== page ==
One-storey Frame Residence
The building is a one-storey wood frame with bellcast hipped roof covered in asphalt shingles. The exterior is covered with roll asphalt siding. The foundation is a wood sill construction.
This structure was built by the U.S. Army during WWII and used as a float plane base office alongside a float plane dock and a windsock pole. After the war, the house was purchased by Sophie Miller's first husband. It and the Sewell House were at one point the only structures standing in that portion of Moccasin Flats.
It is presently owned by Donald Miller.
The Moccasin Flats began as an area occupied by tents and small structures belonging to shipyard carpenters and employees, and newcomers to Whitehorse. Among them were John Sewell and James Richards, better known as "Buzzsaw Jimmy", who leased a portion of this area in 1910 to operate a sawmill--a venture which lasted for a five years before running into financial difficulty. First Nations people also resided in the area while employed by White Pass in the summer, or while in town to load up on supplies and visit friends.
Today the Moccasin Flats and the adjacent areas remain the last vestiges of a once large and characterful community within Whitehorse.
The nature of employment with BYN Co. in the shipyards and on the boats dictated a seasonal lifestyle. Living near their sources of employment, on land they weren't required to purchase, was ideal for many shipyard residents. Many occupied the area in the summer months when work was available, and departed in the autumn to find work elsewhere. Living on BYN Co. land was tolerated because these individuals were essential to the operation and well being of the company.
After incorporation as a city in 1950, Whitehorse administrators began to look disfavourably on the waterfront area and its over 700 residents. This was a time when Whitehorse was experiencing a severe housing shortage, and the waterfront did provide some alternative to the privately owned, and unavailable, housing in town.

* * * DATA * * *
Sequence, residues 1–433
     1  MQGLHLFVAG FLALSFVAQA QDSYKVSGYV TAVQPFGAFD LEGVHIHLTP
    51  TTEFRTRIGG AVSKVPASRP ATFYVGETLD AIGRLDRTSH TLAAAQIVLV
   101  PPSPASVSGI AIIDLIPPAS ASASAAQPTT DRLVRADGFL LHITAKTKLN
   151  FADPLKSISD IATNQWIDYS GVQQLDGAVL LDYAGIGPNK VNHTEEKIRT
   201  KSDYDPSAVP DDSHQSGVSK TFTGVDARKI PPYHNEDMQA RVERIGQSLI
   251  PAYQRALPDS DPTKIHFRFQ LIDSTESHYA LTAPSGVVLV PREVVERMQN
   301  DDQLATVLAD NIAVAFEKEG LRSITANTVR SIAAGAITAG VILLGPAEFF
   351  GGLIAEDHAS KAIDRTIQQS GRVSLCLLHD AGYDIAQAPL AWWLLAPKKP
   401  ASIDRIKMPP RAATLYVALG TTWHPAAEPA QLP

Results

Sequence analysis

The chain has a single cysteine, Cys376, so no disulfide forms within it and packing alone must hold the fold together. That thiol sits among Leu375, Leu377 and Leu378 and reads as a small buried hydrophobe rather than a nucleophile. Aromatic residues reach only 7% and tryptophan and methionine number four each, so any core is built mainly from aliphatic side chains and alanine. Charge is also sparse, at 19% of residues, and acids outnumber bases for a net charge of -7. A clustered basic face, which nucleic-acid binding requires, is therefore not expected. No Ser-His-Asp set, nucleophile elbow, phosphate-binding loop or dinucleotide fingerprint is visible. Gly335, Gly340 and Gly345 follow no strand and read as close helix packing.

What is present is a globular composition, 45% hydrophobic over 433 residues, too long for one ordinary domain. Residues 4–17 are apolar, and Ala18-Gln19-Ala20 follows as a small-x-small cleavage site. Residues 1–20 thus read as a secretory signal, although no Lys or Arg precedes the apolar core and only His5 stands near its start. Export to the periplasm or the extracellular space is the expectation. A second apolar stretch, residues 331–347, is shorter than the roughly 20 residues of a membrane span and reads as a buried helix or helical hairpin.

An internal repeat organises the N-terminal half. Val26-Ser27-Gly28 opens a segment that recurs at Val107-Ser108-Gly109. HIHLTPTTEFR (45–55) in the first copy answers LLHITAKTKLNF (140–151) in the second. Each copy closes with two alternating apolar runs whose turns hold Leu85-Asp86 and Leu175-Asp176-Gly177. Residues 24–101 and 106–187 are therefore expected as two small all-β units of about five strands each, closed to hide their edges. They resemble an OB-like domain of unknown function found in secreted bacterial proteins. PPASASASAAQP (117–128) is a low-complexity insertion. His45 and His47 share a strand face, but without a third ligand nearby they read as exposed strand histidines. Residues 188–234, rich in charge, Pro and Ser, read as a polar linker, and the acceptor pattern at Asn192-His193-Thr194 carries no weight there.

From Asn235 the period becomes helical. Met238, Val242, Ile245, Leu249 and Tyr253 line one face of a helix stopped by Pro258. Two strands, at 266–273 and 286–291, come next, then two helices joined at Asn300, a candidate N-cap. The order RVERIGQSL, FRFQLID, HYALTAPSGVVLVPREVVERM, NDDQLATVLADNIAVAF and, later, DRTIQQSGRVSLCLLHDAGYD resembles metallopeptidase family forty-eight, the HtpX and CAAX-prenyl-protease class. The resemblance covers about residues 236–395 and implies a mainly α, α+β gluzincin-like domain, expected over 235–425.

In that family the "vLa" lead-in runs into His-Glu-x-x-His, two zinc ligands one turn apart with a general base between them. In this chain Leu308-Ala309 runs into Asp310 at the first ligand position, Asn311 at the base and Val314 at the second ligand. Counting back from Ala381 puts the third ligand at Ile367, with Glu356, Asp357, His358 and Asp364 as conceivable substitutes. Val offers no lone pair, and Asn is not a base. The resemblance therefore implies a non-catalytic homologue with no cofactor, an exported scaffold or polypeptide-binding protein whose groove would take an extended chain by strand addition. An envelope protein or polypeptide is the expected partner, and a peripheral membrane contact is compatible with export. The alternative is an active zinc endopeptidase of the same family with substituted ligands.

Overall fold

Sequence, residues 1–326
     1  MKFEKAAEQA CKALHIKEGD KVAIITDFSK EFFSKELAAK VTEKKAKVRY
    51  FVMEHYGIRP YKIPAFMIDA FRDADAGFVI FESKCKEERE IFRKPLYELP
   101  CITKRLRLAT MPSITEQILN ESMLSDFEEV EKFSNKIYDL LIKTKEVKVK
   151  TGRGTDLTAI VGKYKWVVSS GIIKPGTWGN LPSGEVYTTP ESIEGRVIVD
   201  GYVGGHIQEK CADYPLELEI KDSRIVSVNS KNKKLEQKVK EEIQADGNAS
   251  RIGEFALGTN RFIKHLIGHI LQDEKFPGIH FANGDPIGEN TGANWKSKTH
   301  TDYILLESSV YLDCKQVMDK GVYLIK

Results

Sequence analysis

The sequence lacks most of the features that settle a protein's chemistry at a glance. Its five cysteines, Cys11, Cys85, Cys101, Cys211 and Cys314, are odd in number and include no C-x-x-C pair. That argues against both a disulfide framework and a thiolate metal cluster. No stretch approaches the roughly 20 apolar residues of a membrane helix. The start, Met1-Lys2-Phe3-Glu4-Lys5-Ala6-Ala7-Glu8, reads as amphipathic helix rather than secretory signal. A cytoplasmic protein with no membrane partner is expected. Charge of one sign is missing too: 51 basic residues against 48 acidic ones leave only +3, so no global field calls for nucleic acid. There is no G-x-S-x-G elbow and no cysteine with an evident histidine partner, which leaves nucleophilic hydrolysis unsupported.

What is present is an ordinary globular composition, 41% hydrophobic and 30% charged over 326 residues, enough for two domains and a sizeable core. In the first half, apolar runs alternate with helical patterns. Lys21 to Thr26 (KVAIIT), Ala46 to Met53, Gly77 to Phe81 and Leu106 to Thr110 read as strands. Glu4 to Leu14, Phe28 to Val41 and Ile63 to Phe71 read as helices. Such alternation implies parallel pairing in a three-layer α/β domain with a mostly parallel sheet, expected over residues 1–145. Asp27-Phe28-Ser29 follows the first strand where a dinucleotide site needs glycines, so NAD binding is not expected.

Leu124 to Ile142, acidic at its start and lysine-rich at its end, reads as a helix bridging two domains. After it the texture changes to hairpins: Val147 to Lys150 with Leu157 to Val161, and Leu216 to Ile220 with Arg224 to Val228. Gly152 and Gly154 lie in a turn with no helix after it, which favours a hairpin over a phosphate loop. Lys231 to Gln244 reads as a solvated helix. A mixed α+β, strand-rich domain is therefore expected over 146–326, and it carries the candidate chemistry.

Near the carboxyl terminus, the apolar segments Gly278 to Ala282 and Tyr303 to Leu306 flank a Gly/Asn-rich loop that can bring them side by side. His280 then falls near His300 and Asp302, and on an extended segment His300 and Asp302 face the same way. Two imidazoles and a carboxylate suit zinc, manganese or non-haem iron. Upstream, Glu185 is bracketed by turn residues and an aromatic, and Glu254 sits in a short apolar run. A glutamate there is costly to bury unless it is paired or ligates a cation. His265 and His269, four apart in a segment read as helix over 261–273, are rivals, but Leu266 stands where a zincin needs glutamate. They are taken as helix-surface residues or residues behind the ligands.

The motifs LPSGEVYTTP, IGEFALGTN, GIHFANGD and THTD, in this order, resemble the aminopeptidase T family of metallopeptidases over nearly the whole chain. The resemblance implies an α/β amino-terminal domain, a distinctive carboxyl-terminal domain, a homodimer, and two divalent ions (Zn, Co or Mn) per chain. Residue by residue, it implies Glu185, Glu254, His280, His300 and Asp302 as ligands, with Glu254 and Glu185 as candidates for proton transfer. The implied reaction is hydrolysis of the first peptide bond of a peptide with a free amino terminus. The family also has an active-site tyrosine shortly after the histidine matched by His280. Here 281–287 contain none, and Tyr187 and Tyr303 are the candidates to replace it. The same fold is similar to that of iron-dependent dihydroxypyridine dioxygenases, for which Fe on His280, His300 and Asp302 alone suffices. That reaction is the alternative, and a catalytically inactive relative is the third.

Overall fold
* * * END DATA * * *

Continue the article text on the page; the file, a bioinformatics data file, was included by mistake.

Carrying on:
In 1957, the government amended the Territorial Lands Act, thus allowing for squatter removal from all waterfront and escarpment areas. This proved a difficult and inappropriate undertaking. In the1960's alternative sites were offered to the squatters, along with the costs of relocating their dwellings to these leased or private lots. The sites were located in Porter Creek, Crestview, Lot 19 (near the claybanks at the south end of town) and along the Alaska Highway. Most often, they were not viable locations for those squatters who could not afford to lease or purchase a lot. The option of Lot 19 failed to materialize altogether when Whitehorse voters defeated its proposal in 1961/62 plebiscites.
Many squatters opted for these sites, or were removed from the area. The city created a "Transient Area" in the Marwell Industrial area as a "temporary" location for squatters' buildings which were below standards for relocation in the proposed subdivisions, but many houses remained here well into the 1970's.
In 1987, a squatter policy was enacted, which outlined the rights of waterfront residents to pursue ownership of the land on which their dwellings were located. Squatters were offered life-long leases, pending the settlement of land claims negotiations.
Today the Shipyards and its adjacent areas are the the last vestiges of a once large and characterful community within Whitehorse.